- Paperback: 332 pages
- Publisher: O'Reilly Media; 1 edition (July 25, 2014)
- Language: English
- ISBN-10: 1491949309
- ISBN-13: 978-1491949306
- Product Dimensions: 7 x 0.8 x 9.2 inches
- Shipping Weight: 1.5 pounds (View shipping rates and policies)
- Average Customer Review: 40 customer reviews
- Amazon Best Sellers Rank: #55,291 in Books (See Top 100 in Books)
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Top customer reviews
You should be able to build a simple node website after reading this book.
First off, awesome author, he is a passionate programmer and good writer as well. Chapter 5 about QA is an amazing chapter, and could inspire any developer.
But this book is a bit confused on what it whats to be. It often deviates into scholarly philosophy about web development theory, but isn't this supposed to be a technical book? Don't get me wrong, the ideas in this book are great, but some of the theory seemed out of place, and just distracting from learning node.
My biggest problem with this book as a person who is already a 'web developer', is it fails to demonstrate any real benefit of using Node in future applications. You learn how to build a website that you could have made in the language you already know (be it Ruby, PHP, etc). It lists some of the things node is good at in the first chapter of the book like Single-Page Applications, Expandable packages, using AngularJS. But doesn't mention any of these things again, I find no compelling reasons to migrate from PHP to Node after reading this book (even though I've been told they exist).
There is also no "Bringing it all together" chapter at the end, that would go through all the things you just learned to properly build a node website from scratch. While the book builds upon itself making the 'Meadowlark Travel Website", no objectives for the website are ever defined, so it doesn't feel like you are building anything real. It also gets more and more messy, especially when adding experimental features to demonstrate code functionality. In later chapters many code examples also lack a verbatim explanation of the expected output, so you never know if you actually did it right or not.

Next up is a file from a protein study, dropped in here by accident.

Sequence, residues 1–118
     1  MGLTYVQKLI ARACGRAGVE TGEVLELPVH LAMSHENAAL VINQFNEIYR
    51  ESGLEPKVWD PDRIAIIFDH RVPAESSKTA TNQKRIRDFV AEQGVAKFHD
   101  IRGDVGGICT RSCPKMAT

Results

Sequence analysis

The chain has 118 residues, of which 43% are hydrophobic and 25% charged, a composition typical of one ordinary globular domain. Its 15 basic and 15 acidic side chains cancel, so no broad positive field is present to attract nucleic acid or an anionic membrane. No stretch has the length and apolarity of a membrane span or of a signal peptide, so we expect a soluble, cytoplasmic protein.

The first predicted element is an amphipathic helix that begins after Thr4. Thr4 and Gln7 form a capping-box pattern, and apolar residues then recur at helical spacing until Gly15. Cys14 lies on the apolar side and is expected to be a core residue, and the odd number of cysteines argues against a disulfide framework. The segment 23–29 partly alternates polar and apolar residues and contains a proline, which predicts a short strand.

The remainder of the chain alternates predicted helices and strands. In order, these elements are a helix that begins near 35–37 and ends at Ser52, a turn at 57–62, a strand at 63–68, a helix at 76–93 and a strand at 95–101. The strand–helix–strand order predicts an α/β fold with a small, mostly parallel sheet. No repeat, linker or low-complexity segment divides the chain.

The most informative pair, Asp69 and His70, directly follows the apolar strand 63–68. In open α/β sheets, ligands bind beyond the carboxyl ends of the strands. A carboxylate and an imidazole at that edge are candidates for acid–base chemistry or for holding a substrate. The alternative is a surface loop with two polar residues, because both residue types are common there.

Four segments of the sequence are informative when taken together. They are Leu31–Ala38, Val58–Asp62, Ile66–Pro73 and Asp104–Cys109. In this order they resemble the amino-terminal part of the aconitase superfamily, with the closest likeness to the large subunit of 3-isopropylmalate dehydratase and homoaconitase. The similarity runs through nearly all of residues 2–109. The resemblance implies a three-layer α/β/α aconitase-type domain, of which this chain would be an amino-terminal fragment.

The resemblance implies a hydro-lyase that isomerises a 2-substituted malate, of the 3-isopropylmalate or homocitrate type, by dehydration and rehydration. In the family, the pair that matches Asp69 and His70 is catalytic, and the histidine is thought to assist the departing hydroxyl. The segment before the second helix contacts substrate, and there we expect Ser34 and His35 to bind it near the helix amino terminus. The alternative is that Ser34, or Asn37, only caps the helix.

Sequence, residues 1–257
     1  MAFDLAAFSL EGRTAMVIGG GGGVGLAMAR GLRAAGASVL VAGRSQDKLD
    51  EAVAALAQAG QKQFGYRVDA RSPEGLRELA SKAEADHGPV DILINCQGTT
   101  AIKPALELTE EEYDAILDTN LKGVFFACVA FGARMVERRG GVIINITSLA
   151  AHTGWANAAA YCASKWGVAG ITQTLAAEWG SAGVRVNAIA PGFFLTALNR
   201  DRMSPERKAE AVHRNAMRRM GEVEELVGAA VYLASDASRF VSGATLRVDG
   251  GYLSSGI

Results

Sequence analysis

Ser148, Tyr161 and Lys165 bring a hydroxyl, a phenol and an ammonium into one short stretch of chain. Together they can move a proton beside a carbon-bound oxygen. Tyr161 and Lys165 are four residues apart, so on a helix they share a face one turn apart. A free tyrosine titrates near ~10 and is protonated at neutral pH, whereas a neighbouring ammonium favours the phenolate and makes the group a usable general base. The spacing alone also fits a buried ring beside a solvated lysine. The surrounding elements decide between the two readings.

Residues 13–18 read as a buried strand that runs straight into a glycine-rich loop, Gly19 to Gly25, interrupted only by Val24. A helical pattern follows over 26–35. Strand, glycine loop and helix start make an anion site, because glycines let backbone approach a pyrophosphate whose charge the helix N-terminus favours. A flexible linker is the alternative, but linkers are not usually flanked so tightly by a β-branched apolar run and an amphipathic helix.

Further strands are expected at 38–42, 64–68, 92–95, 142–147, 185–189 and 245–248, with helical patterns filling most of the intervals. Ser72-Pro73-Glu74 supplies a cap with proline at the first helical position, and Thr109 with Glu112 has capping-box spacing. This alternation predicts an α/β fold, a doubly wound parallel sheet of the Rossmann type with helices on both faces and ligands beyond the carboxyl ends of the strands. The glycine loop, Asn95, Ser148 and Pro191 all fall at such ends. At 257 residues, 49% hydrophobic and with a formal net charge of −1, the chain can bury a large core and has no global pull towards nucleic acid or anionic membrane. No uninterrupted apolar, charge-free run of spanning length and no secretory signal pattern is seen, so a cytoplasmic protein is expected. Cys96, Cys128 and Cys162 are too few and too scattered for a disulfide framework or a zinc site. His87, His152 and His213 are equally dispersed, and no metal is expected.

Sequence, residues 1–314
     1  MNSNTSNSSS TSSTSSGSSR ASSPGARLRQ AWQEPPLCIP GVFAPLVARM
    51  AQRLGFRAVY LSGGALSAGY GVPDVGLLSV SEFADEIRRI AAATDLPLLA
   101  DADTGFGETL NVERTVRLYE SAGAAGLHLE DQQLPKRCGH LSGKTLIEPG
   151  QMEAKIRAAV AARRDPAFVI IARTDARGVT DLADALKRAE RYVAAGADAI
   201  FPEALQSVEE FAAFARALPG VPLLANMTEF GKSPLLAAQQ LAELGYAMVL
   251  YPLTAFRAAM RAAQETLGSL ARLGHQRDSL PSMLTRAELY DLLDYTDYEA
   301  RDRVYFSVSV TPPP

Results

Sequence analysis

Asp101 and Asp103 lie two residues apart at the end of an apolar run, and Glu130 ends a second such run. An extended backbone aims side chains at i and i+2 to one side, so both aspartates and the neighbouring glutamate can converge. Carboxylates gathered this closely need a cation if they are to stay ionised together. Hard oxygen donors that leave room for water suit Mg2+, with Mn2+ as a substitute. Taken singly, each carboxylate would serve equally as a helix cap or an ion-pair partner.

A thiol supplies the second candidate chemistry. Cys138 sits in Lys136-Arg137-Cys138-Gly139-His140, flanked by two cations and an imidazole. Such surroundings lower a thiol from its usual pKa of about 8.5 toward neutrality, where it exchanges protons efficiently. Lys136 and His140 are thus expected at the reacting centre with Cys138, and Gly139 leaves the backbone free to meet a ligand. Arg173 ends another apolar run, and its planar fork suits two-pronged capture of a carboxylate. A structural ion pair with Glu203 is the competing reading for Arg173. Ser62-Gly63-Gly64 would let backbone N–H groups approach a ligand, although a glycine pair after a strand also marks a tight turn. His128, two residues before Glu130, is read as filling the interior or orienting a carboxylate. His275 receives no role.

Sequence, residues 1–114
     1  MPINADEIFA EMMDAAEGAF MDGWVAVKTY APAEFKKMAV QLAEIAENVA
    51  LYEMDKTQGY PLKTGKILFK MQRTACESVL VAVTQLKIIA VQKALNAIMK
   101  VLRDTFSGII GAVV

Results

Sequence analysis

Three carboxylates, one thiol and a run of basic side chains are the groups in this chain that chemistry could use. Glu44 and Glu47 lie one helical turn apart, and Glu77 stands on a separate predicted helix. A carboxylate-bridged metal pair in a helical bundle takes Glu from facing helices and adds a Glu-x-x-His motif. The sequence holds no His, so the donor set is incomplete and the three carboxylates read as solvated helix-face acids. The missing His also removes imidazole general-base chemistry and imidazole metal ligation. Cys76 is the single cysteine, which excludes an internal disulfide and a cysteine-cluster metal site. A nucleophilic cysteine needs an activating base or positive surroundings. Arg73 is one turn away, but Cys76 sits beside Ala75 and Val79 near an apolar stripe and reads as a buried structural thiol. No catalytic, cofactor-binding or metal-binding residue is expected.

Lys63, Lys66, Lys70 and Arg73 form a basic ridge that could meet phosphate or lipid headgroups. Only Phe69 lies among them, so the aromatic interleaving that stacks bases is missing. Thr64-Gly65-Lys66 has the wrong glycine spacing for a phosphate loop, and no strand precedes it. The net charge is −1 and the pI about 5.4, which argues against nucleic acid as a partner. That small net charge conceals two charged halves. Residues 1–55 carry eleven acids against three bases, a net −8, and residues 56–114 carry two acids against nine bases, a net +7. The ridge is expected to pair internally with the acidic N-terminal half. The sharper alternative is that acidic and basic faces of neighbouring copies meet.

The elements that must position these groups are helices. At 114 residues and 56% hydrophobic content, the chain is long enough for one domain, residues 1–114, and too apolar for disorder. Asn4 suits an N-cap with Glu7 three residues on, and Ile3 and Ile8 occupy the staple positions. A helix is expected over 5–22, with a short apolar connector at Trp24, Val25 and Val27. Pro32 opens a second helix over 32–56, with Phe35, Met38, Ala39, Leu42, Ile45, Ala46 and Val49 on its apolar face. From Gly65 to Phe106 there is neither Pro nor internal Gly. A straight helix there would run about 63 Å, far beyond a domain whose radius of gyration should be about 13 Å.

Most egregiously there isn't a mention of the MEAN stack or Socket.io in this book, 2 of what I feel are some the primary drivers for people moving over to node (and the reason I wanted to learn Node in the first place).
A few other nitpicks:
despite how ugly it is, I feel like EJS should get more than a mention, as you tend to see it in a lot of places that use node (for example the heroku node boilerplate is EJS). This would also explain the benefits of using Jade/Handlebars better. Also mentioning using AngularJS for views would have been nice.
Chapter 7 is like it was written in a Vacuum to Chapter 3. Many concepts that were already mentioned in Chapter 3 are reintroduced as completely new concepts....very confusing.
Code examples can get a bit ugly and aren't commented consistently. It's sometimes hard to know what code in what file is being referenced. This could be easily fixed in the next edition by putting line numbers and file names on the top of code examples. I wish there were less 1 line if statements and ternary operators in some of the examples, as it makes it less clear what is happening. For example, on page 150, it gives no indication where this connection to Mongo code is supposed to go, while one could figure it out, this is not a clear working example.
Both exports and module.exports are used without clearly defining the difference use-cases between the two
Other than the problems with the code examples, this book does offer a good conceptual framework for developing for the Web using these technologies. I hope future versions work out the code example issues.
No knowledge of NodeJS is necessary -- I had none and was able to follow along and make my own little app. I would also estimate that (a lot) more space was used in this book covering web development in general than Node and Express in particular.
There are typos scattered throughout but they do not obstruct the lesson meaning--just a little annoying. I also found the "Meadowlark Travel Website" to be distracting. After getting my grips in the first few chapters, I found myself jumping around in the book and did not care as much about digesting the travel website details. I think it would be more instructional to just use different model scenarios that make implementation concepts more clear and concise.
The main weakness of this book, I feel, is primary focus on dynamic multi-page website back-end. If you are wanting to develop a single-page/lean API perspective, the content of this book will not quite fit.